The profound bond between Frida Kahlo and Diego Rivera, which began years before they were married, continues long after their deaths. Yet these two enrapturing modernists never exhibited together when they were alive. The Frida Kahlo, Diego Rivera, and Mexican Modernism from the Jacques and Natasha Gelman Collection is on display now through January 19, at the North Carolina Museum of Art, and it puts their work on the forefront as leaders of an art movement they made legendary.
In the mid-1930s, Frida Kahlo lived, worked, and thrived in the charming San Angel neighborhood in Mexico City, alongside her husband in separate but connected studios. I’ve often wondered what it was like to be in Mexico City during this revolutionary political era that was also exploding artistically. This exhibit is a time capsule. Visitors will get to see these artistic icons through the lens of two people who knew them well, and in a time when they were becoming famous. It’s a personal view from the collection that Jacques and Natasha Gelman amassed as expats living in Mexico City.
The couple (he a Russian and she a Czech) met in Mexico and shared a fascination with its culture and art scene, particularly Kahlo and Rivera. The two couples became close friends and both artists have their own rendition of Natasha. The show features both commissions of Natasha — Kahlo painted her portrait in her signature form, and Rivera painted her in Art Deco style so that she looked like a Hollywood starlet. Interestingly, Jacques was also a film producer and is credited with discovering actor Mario Moreno, better known as Cantinflas, and turning him into a full-fledged star. The exhibit also features a stunning Cubinism painting of Cantinflas by another Mexican Modernist, Rufino Tamay.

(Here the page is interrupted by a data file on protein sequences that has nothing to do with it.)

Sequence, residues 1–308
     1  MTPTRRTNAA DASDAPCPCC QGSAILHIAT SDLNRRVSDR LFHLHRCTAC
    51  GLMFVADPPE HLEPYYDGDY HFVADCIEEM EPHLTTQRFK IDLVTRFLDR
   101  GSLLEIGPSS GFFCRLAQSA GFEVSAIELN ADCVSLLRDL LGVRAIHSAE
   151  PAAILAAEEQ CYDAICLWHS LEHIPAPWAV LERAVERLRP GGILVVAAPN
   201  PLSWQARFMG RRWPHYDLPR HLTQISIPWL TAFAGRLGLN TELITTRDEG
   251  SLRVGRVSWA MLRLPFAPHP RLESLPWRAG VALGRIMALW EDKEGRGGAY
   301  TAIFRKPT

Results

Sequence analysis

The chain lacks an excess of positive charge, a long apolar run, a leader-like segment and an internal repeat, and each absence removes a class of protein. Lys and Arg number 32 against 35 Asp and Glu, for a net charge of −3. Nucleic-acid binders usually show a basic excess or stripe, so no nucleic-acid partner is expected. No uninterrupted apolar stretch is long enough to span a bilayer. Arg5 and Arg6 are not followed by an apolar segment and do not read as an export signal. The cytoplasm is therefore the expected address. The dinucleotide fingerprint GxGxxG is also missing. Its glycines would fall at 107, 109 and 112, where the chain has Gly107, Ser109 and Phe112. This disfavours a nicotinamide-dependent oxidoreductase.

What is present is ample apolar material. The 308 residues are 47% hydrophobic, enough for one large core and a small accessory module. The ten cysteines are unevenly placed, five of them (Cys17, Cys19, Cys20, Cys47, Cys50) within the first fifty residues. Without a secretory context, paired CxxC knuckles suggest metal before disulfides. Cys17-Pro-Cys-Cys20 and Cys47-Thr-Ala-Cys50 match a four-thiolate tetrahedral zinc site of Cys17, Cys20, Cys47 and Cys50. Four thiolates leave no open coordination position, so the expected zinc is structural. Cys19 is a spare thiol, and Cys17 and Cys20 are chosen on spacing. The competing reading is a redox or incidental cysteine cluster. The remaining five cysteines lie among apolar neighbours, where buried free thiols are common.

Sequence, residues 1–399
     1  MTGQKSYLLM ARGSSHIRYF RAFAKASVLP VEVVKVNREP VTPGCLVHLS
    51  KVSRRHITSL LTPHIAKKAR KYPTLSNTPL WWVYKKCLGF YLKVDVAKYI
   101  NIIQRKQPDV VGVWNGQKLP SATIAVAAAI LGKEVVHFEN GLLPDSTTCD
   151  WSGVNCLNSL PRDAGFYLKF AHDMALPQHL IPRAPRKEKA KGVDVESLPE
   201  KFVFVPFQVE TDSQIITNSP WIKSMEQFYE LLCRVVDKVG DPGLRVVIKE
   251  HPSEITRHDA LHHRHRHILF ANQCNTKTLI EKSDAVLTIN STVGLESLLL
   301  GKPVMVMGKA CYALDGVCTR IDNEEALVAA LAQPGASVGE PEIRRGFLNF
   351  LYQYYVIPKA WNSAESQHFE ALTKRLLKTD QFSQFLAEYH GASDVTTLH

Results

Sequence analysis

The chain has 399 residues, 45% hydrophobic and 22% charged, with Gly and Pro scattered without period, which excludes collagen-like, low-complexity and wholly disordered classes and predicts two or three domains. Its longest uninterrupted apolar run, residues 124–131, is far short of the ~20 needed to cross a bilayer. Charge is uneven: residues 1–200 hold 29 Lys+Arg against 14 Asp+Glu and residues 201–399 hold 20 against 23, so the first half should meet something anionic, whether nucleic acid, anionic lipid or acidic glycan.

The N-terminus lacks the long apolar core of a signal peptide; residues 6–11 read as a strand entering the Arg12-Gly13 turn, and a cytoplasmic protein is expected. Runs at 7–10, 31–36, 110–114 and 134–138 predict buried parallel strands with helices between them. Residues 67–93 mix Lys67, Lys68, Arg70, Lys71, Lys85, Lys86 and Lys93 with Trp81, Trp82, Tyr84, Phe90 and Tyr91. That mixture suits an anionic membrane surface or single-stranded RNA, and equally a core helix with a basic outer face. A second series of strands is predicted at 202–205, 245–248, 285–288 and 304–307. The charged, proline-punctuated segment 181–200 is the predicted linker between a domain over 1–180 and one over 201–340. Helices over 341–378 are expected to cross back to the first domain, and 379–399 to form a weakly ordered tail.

As someone who has ventured from Anaheim to London in search of Kahlo’s work in all its glory, I was not disappointed with his exhibit. From black-and-white images of the pair at the New Workers School to video footage of the two atop scaffolding on Rivera’s Detroit series, the exhibit brings to life a group show as if it were here in North Carolina. Fittingly, as Day of the Dead draws near, there’s a massive altar devoted to Kahlo at the entrance of the exhibit. The shrine is adorned lovingly with marigolds, and skulls of every size. There are also blank cards where visitors can leave their thought offerings to the late Mexican icon.
Other highlights of the exhibit include several of Kahlo’s famous dresses of which we have seen pictured in countless contexts. There’s also a digital interactive room that comes alive with Kahlo’s poignant writings and drawings — and several rare images of a frail Kahlo and a few photographs of her on her death bed as Rivera looks on sorrowfully.
But make no mistake, even though we know full well that Kahlo endured a life of physical pain and heartbreak, this is not a melancholic show. This display is a celebration of a movement that has transcended time and place. It’s a show that honors its King and Queen while also applauding Mexican Modernists that were also part of the movement with them — and those they have inspired.
View “Frida Kahlo, Diego Rivera, and Mexican Modernism from the Jacques and Natasha Gelman Collection” through January 19 at the North Carolina Museum of Art, 2110 Blue Ridge Rd, Raleigh, North Carolina, ncartmuseum.org, (919) 839-6262.